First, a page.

been ignorant of the cause of this ap- my situation ; and might have been pearance, the effects might bave much thought mad by an observer, for every alarmed me, and led to my telling such fantastic attitude and action I could asstories as I should not have gained cre- sume I did, to be mimicked by my new dit by relating : but aware of the cause, and shadowy acquaintance. I am, sir, I was delighted with the singularity of your obedient servant,
From the London Magazines, November and December, 1819. ENGLISH VEGETABLES. of his works in manuscript, containing IN the former part of the reign of numerous rude sketches of philosopbi
King Hen. viii. there did not grow cal instruments, &c. His own apparain England a cabbage, carrot, turnip, or tus must have been equally rude, as, it other edible root--and even Queen is said, bis telescope consisted of three Catherine could not command a sallad or sour cask-staves, and his microscope for dinner, till the king brought over a was a small lens, set in the top of a gardener from the Netherlands.— The spring window. fastener.--He wore, as artichoke, apricot, and damask rose, he sat by the fire in wioter, two pieces then made their first appearance in Eng- of bark on bis shins, to prevent their land.
being injured by the beat. IRISH COINS.
constantly in the habit of walking to There is now in the possession of Darlington, except in the latter part of Mr. Glenny, of Glenvale, in the coun
his life, and then he rode a horse, which ty of Limerick, an ancient medal, sound was valued at not more than hall aon his land, on which St. Patrick is re- crown, exclusive of its skin. It is presented as in the act of expelling nox- scarcely necessary to add, that this was ious animals from Ireland. On the re- a slow mode of travelling, which made verse, King Brian Boroimhe is. repre- beat me, for ye’re a-foot." He was on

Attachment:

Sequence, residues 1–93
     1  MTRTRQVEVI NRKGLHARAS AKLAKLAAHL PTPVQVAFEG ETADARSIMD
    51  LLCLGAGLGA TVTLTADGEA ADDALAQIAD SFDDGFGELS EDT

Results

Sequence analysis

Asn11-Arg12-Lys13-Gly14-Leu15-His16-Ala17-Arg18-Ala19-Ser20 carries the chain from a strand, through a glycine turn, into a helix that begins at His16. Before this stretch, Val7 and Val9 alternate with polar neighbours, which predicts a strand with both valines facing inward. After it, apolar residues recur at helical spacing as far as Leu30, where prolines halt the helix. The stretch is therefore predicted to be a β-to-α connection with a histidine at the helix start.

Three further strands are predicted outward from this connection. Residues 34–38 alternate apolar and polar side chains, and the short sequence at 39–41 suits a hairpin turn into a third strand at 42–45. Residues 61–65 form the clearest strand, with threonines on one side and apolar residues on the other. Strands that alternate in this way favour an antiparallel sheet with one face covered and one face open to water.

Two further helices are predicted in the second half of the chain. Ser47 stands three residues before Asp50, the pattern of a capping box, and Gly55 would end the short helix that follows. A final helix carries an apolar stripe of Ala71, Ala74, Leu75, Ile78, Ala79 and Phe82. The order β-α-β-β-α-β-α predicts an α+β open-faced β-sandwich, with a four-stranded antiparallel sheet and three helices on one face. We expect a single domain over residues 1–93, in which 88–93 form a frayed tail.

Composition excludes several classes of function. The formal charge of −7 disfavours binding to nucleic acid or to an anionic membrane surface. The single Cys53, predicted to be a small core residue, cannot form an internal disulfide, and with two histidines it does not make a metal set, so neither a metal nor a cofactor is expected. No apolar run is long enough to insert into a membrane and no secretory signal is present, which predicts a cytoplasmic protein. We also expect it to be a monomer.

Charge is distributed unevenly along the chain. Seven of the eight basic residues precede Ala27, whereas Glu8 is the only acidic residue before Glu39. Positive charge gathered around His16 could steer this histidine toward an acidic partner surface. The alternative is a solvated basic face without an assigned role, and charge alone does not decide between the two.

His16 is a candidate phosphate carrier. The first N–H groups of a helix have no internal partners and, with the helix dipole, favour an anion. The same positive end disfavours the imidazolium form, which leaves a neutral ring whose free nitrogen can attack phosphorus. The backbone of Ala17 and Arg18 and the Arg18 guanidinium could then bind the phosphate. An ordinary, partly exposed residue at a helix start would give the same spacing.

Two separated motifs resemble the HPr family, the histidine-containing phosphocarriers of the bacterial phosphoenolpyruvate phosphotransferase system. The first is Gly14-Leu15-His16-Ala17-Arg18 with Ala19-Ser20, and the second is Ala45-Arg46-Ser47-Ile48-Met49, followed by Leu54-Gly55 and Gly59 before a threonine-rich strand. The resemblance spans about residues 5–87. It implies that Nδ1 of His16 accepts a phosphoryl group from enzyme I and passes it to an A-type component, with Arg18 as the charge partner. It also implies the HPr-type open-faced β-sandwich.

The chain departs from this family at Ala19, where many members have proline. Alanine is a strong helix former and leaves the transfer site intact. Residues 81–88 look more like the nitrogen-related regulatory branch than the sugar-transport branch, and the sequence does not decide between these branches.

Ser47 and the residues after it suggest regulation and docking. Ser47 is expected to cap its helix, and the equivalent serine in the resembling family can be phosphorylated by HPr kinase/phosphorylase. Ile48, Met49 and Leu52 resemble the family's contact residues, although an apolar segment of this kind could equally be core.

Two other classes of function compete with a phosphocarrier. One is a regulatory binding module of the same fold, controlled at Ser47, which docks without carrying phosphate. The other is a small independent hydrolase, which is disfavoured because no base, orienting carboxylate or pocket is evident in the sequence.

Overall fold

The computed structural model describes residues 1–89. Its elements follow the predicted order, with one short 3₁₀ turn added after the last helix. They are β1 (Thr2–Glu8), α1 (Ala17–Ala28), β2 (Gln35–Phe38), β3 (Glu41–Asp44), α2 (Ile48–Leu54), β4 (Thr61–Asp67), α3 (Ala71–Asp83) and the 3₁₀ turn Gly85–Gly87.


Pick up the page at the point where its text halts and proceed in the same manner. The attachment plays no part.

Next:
say to some passengers,“ Ye'll sented playiog on the ancient Irish harp, with his crown and sceptre placed be his way home (on foot), the only opfore him.
portunity my father had of seeing this
celebrated man, and then he was carryTHE ANTS OF VALENCIA.
ing a sheep's-heart and lights, and, beM. Humholdt informs us, that ants ing in a state of intoxication, the road abound to such a degree near Valencia, was nothing too wide for him : but the that their excavations resemble subter- bloody load was thrown first over one raneous canals, which are filled with shoulder, and then over the other, as be water in the time of the rains, and be- reeled along. come very dangerous to the buildings. Once attending a meeting of the RoyEMERsoy.*
al Society, one of the servants attemp. William Emerson, the eminent ma- he had missed his way, and that a man
ted to intercept his progress, supposing thematician, was born at Hurworth, of his mean appearance was not likely near Darlington, and died there in 1782, to be admitted: all his reply was, “ l's aged about eighty-one. He was a man Emerson !" which he supposed would of great singularity in his manners, dress, be sufficient,-knowing that his works and conversation ; but, beyond his sci- had found admission before him. entific acquirements, it does not appear that bis character exhibited any thing
DETONATING MUD. agreeable : yet it is desirable to pre- M. Humboldt informs us, that Don serve anecdotes of so extraordinary a Carlos del Pozo has discovered, in the man ; and the writer of this is induced Llanos of Monai, at the bottom of the to do it, from having iecently seen some Quebrada de Moroturo, a stratum of
* See Ath. vol. I. p. 576.